This is, I am sure, an extremely naive question. I hope that's okay (and I hope it can be answered at a level I'll understand).

The background: My swimming pool has underwater light fixtures, on GFCI circuits. I recently replaced the bulb in one of these fixtures, reassembled the fixture incorrectly, and re-installed it. About 48 hours later the circuit breaker (the one inside the house, in the breaker box, not the GFCI) tripped. I removed the fixture, which was full of water, realized my mistake, reassembled it correctly, re-installed it, and it's now been fine for several weeks.

Question 1: In my naivete, I'd have thought that the water in the fixture would trip the GFCI immediately, so that the circuit breaker in the house would never have tripped. But the circuit breaker in the house did trip. So was my expectation wrong, or does this mean my GFCI is not working?

Question 2: After I re-installed the fixture and flipped the breaker back on, the lights worked, even though I never reset the GFCI. Is that evidence that the GFCI is not working?

Question 3: In pondering Questions 1 and 2, I was led to wonder how I would ever know if my GFCI is not working. Removing the underwater fixtures once a month to hit the test button is not terribly practical. Is there another way to test this?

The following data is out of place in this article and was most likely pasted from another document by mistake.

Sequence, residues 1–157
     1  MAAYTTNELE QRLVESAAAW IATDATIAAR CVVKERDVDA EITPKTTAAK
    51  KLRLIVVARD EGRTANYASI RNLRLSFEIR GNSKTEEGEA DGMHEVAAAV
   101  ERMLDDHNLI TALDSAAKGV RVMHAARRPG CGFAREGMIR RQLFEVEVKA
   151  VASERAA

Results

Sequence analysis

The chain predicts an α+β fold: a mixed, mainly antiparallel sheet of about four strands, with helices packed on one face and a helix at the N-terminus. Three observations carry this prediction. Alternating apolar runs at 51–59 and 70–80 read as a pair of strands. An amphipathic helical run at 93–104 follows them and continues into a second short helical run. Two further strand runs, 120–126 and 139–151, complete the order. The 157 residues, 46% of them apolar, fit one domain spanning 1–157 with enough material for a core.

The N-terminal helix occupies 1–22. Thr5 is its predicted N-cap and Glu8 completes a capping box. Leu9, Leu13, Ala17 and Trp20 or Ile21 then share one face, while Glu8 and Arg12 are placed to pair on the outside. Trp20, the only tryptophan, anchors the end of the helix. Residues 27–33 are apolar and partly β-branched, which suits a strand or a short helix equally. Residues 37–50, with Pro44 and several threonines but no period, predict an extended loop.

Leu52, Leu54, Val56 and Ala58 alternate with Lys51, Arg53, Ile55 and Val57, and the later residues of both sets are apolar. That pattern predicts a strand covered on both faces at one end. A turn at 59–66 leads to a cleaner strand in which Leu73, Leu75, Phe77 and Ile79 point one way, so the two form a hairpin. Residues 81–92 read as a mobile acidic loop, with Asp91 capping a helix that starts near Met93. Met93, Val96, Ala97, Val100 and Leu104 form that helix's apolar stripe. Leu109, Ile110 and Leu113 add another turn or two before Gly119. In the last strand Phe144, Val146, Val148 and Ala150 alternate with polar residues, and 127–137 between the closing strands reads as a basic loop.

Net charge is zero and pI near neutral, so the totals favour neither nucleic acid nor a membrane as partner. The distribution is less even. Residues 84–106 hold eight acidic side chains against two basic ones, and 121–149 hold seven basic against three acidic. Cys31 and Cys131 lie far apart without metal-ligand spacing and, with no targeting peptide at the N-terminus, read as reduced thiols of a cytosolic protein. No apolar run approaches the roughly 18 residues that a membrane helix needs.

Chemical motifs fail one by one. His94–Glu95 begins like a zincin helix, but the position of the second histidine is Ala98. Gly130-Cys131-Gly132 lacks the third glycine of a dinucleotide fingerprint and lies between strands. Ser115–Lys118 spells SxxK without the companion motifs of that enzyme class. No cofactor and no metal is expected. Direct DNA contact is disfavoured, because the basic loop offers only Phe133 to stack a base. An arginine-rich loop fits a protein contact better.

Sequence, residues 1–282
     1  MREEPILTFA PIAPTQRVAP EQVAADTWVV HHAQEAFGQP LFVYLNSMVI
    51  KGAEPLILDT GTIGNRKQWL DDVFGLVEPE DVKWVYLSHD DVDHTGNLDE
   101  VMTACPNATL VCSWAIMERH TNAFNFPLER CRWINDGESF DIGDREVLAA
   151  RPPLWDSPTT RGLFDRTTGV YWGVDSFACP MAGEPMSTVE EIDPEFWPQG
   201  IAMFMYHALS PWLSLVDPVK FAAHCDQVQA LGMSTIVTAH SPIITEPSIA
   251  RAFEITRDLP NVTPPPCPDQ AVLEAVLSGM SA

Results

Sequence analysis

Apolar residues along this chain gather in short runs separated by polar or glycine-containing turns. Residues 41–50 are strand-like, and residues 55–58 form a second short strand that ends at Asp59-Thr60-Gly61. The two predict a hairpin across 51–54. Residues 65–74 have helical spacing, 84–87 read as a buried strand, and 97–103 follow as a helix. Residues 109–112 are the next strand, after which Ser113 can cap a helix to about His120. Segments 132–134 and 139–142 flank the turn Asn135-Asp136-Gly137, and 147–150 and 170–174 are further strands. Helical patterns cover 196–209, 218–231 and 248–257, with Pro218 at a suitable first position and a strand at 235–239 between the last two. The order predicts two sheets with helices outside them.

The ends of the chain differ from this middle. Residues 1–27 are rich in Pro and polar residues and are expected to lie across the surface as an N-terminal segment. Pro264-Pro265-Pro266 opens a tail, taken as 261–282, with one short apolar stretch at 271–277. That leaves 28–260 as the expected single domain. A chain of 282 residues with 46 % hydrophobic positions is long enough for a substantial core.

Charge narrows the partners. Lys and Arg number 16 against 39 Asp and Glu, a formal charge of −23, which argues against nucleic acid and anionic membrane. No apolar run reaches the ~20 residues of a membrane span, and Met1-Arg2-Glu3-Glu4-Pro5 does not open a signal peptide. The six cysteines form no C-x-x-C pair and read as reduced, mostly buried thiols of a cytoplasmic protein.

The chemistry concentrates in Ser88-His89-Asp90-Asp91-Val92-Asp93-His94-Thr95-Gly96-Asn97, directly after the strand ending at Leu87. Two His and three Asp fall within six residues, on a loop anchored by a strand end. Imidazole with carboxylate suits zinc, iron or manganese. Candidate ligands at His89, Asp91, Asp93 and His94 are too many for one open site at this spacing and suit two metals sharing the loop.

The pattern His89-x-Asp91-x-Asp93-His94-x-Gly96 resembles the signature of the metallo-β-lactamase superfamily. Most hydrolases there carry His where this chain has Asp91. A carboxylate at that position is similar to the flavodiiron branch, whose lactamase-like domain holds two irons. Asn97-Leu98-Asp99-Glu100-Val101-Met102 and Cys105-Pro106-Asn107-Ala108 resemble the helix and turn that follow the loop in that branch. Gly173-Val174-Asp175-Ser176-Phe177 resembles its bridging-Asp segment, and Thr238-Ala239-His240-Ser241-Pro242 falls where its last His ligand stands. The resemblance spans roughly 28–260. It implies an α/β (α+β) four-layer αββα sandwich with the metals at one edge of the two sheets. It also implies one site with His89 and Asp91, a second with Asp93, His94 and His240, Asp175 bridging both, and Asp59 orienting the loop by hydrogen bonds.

• What are the ratings of the gcfi & breaker? Having these in series may not be a good idea...
    – Solar Mike
    Commented Jun 30, 2019 at 15:13
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    You'll probably be migrated to DIY as this isn't a design question. Are you sure your pool lights are on the GFCI? If you switch it off do the lights turn off? You might add your location to your user profile so we know what regulations apply in your area.
    – Transistor
    Commented Jun 30, 2019 at 15:14
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    Is the GFCI protection provided through a receptacle or deadfront-type GFCI, or through a GFCI breaker? (i.e. does the breaker itself have a TEST button on it, or is there something else in the circuit with Reset and Test buttons on it?) Commented Jun 30, 2019 at 15:25
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    I realize when you say "GFCI", you know exactly what you mean. However, I don't know. GFCIs come in many combo packages: GFCI+breaker, GFCI+receptacle, GFCI+switch+recep, GFCI standalone, etc. Commented Jun 30, 2019 at 15:27